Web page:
Jennifer Marles, a partner with Oyen Wiggs Green & Mutala LLP in Vancouver, said she was not surprised by the decision.
When s. 16.1 was added to Canada’s Patent Act in 2016, the way the legislation was drafted left open an interpretation of whether patent agents would be covered by privilege for their work other than in preparing and prosecuting patent applications before the Canadian Intellectual Property Office, said Marles.
The major issue before the Federal Court in this case was the scope of the privilege and what type of communications privilege would apply to.
The Federal Court’s interpretation of the language of s. 16.1 of the Patent Act in this case is that if a non-lawyer patent agent were to provide an infringement or non-infringement opinion for a third-party patent, that would fall outside the scope of “relating to the protection of an invention,” and not be privileged, she said.
Marles believes this decision is instructive for both lawyers and non-lawyer patent agents, but especially the latter because it has provided a very clear indication that certain of their communications that they might have believed would be protected by privilege, are not.
“As a lawyer, if I’m advising my clients, regardless of the issue that I’m advising them about, it’s always going to be protected by privilege. But if a non-lawyer patent agent is giving infringement or non-infringement opinions, that communication, based on this case, is not going to be privileged — and I think they probably need to let their clients know that, and/or not give those types of opinions,” said Marles.
Christopher Heer, Heer Law
He said this decision asserted there is no common law right to patent agent privilege, and therefore the scope of privilege is limited by the language used in the Patent Act.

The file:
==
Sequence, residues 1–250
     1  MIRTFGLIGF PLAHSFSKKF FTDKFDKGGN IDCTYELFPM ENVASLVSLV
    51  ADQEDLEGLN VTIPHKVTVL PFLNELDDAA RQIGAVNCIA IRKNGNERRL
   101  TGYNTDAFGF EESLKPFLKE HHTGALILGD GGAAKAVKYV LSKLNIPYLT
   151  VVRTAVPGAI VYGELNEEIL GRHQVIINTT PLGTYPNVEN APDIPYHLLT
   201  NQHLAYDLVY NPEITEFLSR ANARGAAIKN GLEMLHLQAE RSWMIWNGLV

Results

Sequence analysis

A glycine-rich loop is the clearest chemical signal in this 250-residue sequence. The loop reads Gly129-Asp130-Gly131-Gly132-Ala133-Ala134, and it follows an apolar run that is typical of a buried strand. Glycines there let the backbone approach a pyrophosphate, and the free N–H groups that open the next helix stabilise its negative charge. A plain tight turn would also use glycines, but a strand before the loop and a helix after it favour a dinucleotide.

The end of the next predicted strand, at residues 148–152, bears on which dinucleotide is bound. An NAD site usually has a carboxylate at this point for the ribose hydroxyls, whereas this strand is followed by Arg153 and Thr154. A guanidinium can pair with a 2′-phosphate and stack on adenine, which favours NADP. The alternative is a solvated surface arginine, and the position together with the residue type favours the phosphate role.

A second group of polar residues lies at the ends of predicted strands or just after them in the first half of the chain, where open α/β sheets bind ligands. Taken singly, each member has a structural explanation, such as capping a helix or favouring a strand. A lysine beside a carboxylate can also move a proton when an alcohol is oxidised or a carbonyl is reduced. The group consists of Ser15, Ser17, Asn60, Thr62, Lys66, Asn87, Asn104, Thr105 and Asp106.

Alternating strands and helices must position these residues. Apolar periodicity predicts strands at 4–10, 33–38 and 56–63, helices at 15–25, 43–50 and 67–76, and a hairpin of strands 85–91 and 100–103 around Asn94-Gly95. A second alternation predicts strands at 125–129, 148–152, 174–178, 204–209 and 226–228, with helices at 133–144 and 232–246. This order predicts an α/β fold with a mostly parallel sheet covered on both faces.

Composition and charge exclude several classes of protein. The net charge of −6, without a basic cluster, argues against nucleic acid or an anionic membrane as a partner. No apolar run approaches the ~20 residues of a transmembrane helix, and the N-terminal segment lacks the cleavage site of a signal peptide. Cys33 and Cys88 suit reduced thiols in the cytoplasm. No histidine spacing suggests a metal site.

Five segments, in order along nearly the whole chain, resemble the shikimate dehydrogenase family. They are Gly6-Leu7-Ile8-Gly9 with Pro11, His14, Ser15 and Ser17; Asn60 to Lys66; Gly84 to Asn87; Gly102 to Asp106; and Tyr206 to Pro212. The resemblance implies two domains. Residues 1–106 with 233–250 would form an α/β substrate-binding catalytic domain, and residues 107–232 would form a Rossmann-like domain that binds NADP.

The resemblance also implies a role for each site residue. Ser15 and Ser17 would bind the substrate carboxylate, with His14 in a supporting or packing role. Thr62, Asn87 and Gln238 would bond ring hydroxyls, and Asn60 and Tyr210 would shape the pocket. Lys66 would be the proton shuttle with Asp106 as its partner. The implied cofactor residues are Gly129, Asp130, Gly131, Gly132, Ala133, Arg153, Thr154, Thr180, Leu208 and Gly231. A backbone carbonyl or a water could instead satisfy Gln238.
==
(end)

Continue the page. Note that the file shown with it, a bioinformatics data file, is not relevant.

The court, therefore, had to interpret what that language meant, and much of that focused on s. 16.1(1)(c) and whether the communication was made for the purpose of seeking or giving advice with respect to any matter relating to the protection of an invention, Heer elaborated.
“This is a fact-specific case analysis relating to an in-house patent agent who is offering advice to their client, which is the company they are employed by,” said Keri Johnston, managing partner of Johnston Law Professional Corporation in Toronto.
Johnston believes this decision is instructive for patent agents working in an in-house context by providing instructions in terms of what they can do with the information they receive, and how to seek guidance and advice from their own clients. It is important that the patent agent and their employer client expressly reinforce to all employees the confidential nature and inventive purpose for which the patent agent and/or company are seeking an employee’s input into the company’s intended purpose in the protection of an invention, she said.
Johnston said an important aspect of this decision as a precedent for the future is that the court adopted an ordinary meaning of the words used in the Patent Act and that patent agent privilege can only apply if the specific conditions in s. 16.1 are met.
It is also important to note, she added, that the court specified in its ruling that if Parliament had intended to attach privilege to all communications between patent agents and their clients, it would have used language broader than the word “protection.” Instead it chose to limit patent agent privilege to a narrower class of communications.
Keri Johnston, Johnston Law Professional Corporation
Johnston also emphasized how the ruling specified that the issue of “whether patent agent privilege applies to an infringement opinion of one’s own patent … is not before the court on this motion, and is therefore not a point to be decided here.”
“That’s a really important sentence, and it narrows the application of this decision to different sets of facts,” she stressed.
Heer believes this decision by the Federal Court is instructive for litigation lawyers seeking documentary and oral discovery with respect to communications concerning the patent they are asserting.
“If that person is a non-lawyer patent agent — whether a Canadian or a foreign agent — there might be an opportunity to get documentary production that may not have been included in the producing party’s initial affidavit of documents,” he elaborated.
There might also be an opportunity to ask about oral communications to the litigant, either from an in-house or external patent agent, and obtain evidence that they can use in the litigation, said Heer.
Counsel for the plaintiffs and the defendant were both contacted but declined to comment.